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CDC Reminds Clinical Laboratories and Healthcare Infection Preventionists of their Role in the Search and Containment of Vancomycin-Resistant Staphylococcus aureus (VRSA)

The Centers for Disease Control and Prevention (CDC) has recently confirmed the 13th case of vancomycin resistant Staphylococcus aureus (VRSA) infection since 2002 in the United States. This serves as a reminder about the important role of clinical laboratories in the diagnosis of VRSA cases to ensure prompt recognition, isolation, and management by infection control personnel. This is an important opportunity for all laboratories to revisit their step-by-step problem-solving procedure or algorithm for detecting VRSA that is specific for their laboratory. A sample algorithm is available and highlights the recommended testing methodologies for detecting VRSA and actions based on testing results.

Furthermore, because of exchange of genetic material from vancomycin-resistant enterococci (VRE) to methicillin-resistant Staphylococcus auerus (MRSA) in the emergence of VRSA, CDC is asking clinical laboratories, when patients are identified with suspected or confirmed VRSA, to ensure that all VRE, MRSA, and VRSA isolates from these patients are saved. Following confirmation of VRSA, CDC recommends that all three isolate types (i.e., VRE, MRSA, and VRSA) be shared with public health partners, including CDC.

Immediately, while performing confirmatory susceptibility tests, notify the patient's primary caregiver, patient-care personnel, and infection-control personnel regarding the presumptive identification of VRSA so that appropriate infection control precautions can be initiated promptly. It is also important to notify local and state public health departments.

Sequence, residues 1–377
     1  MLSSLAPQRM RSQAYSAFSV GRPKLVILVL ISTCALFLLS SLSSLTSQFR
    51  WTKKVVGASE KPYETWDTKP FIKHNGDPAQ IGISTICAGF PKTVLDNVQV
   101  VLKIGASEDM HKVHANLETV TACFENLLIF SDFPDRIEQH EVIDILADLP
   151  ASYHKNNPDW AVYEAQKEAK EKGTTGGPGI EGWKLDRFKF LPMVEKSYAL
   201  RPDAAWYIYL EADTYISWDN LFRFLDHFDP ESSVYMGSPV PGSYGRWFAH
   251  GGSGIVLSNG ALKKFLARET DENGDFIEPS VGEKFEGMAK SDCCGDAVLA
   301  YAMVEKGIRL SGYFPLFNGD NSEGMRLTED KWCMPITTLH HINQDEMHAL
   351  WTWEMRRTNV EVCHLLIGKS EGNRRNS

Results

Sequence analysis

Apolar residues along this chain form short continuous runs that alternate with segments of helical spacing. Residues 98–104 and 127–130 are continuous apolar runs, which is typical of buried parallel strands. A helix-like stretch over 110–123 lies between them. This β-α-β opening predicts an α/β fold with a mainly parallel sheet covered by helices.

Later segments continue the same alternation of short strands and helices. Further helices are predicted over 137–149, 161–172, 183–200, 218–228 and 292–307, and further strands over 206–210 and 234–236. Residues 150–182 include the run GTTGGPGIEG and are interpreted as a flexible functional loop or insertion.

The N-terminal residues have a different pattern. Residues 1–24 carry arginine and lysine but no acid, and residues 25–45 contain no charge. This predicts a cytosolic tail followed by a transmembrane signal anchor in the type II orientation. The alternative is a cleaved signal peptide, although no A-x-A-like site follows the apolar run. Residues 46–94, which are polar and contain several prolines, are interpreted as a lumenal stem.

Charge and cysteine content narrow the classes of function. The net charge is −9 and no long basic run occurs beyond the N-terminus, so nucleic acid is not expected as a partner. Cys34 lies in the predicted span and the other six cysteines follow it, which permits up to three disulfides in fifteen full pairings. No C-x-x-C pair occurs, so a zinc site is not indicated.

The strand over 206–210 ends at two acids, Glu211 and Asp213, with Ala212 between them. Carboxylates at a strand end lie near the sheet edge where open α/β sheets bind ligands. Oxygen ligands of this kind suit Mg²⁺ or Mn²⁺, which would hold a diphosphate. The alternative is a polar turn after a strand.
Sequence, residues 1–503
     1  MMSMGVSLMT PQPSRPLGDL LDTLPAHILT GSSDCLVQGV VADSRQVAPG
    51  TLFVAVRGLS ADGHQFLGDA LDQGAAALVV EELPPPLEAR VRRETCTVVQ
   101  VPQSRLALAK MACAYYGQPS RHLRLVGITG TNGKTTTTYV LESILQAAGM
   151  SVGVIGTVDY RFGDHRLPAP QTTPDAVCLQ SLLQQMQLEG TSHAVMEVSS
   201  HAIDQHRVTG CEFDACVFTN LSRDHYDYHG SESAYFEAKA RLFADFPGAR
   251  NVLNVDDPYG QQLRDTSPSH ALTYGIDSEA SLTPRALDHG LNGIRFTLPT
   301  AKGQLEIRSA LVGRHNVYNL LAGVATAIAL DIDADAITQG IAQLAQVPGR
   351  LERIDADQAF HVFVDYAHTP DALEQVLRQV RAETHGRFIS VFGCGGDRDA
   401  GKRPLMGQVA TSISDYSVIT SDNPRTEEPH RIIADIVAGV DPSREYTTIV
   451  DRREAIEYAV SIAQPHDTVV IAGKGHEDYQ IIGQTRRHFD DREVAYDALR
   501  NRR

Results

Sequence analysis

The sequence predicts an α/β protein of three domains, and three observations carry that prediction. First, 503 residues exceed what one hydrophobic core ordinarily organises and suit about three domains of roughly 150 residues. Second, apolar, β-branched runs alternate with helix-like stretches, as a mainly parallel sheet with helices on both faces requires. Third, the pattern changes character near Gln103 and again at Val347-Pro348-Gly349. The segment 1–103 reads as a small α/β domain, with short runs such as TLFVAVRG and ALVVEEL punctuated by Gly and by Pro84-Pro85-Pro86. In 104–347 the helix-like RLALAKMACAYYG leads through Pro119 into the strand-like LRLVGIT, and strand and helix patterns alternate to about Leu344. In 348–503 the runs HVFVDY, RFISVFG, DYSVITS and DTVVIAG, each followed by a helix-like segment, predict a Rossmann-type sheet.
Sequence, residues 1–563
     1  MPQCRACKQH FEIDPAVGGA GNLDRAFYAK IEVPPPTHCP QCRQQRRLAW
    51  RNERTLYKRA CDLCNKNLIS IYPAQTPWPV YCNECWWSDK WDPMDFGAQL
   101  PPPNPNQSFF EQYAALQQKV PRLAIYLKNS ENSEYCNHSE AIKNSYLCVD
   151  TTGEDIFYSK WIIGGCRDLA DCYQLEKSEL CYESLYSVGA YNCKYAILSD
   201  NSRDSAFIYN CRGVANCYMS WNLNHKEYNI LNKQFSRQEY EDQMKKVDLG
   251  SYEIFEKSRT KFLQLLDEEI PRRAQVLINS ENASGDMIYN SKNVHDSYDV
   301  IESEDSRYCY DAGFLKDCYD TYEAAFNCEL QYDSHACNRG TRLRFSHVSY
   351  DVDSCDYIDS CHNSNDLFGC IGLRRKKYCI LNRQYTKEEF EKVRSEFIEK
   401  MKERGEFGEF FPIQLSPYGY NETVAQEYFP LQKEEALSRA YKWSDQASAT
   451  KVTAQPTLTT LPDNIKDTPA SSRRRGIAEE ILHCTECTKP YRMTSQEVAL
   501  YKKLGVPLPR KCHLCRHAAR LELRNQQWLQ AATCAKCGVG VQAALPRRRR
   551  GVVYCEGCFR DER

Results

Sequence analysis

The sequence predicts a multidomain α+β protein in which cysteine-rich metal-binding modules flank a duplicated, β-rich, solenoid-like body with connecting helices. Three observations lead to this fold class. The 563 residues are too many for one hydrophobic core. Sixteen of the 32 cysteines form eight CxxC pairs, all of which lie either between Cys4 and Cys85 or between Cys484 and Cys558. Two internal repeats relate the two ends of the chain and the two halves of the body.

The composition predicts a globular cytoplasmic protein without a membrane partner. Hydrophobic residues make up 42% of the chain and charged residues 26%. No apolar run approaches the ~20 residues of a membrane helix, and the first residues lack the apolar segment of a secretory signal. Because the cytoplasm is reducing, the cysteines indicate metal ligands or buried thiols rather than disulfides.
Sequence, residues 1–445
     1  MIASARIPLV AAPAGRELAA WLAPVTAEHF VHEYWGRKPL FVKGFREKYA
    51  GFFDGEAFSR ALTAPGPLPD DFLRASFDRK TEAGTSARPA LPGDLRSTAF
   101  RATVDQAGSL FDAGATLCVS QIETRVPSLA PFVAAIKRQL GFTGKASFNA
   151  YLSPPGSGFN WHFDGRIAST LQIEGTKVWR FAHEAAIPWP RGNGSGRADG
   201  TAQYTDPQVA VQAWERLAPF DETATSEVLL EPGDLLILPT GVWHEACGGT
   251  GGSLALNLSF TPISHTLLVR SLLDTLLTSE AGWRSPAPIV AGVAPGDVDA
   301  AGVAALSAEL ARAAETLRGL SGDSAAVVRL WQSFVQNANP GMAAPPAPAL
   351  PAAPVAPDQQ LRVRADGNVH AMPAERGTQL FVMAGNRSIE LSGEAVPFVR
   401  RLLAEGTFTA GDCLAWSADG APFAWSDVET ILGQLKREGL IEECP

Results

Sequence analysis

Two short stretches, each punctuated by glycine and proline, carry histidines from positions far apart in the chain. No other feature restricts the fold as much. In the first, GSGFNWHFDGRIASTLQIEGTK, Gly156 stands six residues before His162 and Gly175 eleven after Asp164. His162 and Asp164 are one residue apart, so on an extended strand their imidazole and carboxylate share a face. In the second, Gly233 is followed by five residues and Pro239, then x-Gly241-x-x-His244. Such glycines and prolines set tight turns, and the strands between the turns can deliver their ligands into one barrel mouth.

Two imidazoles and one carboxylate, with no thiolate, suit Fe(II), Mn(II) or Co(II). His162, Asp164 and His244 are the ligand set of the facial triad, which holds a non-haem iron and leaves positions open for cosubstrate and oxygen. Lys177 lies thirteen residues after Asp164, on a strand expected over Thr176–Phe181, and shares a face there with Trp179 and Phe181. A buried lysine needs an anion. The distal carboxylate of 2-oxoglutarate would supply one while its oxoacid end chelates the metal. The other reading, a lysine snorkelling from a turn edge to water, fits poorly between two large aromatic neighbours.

Coordination with public health authorities is critical. CDC has issued specific infection control recommendations intended to reduce the transmission of VRSA. However, these may need to be customized to the healthcare settings (e.g., dialysis, home healthcare). Infection control precautions should remain in place until a defined endpoint has been determined in consultation with public health authorities.

VRSA infection continues to be a rare occurrence. A few existing factors seem to predispose case patients to VRSA infection, including:

  • Prior MRSA and enterococcal infections or colonization
  • Underlying conditions (such as chronic skin ulcers and diabetes)
  • Previous treatment with vancomycin

Appropriate antimicrobial prescribing by healthcare providers, adherence to recommended infection control guidelines, and, ultimately, the control of both MRSA and VRE are necessary to prevent further emergence of VRSA strains.

Historical U.S. VRSA case count and geographical information:

Case

State

Year

Age

Source

Diagnosis

Underlying Conditions

1

MI

2002

40

Plantar ulcers and
Catheter tip

Plantar soft tissue infection

Diabetes, dialysis

2

PA

2002

70

Plantar ulcer

Osteomyelitis

Obesity

3

NY

2004

63

Urine from a nephrostomy tube

No infection

Multiple sclerosis, Diabetes, kidney stones

4

MI

2005

78

Toe wound

Gangrene

Diabetes, vascular disease

5

MI

2005

58

Surgical site wound after panniculectomy

Surgical site infection

Obesity

6

MI

2005

48

Plantar ulcer

Osteomyelitis

MVA, chronic ulcers

7

MI

2006

43

Triceps wound

Necrotizing fasciitis

Diabetes, dialysis, chronic ulcers

8

MI

2007

48

Toe wound

Osteomyelitis

Diabetes, obesity, chronic ulcers

9

MI

2007

54

Surgical site wound after foot amputation

Osteomyelitis

Diabetes, hepatic encephalopathy

10

MI

2009

53

Plantar foot wound

Plantar soft tissue infection

Diabetes, obesity, lupus, rheumatoid arthritis

11

DE

2010

64

Wound drainage

Prosthetic joint infection

Diabetes, end-stage renal disease, dialysis

12

DE

2010

83

Vaginal swab

Vaginal discharge

Chronic recurrent C. difficile infection, chronic UTIs, vesicoenteric fistula

13

DE

2012

70

Foot wound

Chronic wound possible osteomyelitis

Outpatient with chronic wound, hypertension, and diabetes mellitus

For frequently asked questions on laboratory testing on VRSA visit: Laboratory Detection of Vancomycin-Intermediate/Resistant Staphylococcus aureus (VISA/VRSA)

Link to Recommendations for Preventing the Spread of Vancomycin Resistance Recommendations of the Hospital Infection Control Practices Advisory Committee (HICPAC) or Siegel JD, Rhinehart E, Jackson M, et al. The Healthcare Infection Control Practices Advisory Committee (HICPAC). Management of Multidrug-Resistant Organisms In Healthcare Settings, 2006

For assistance contact CDC's Division of Healthcare Quality Promotion by telephone 800-893-0485.

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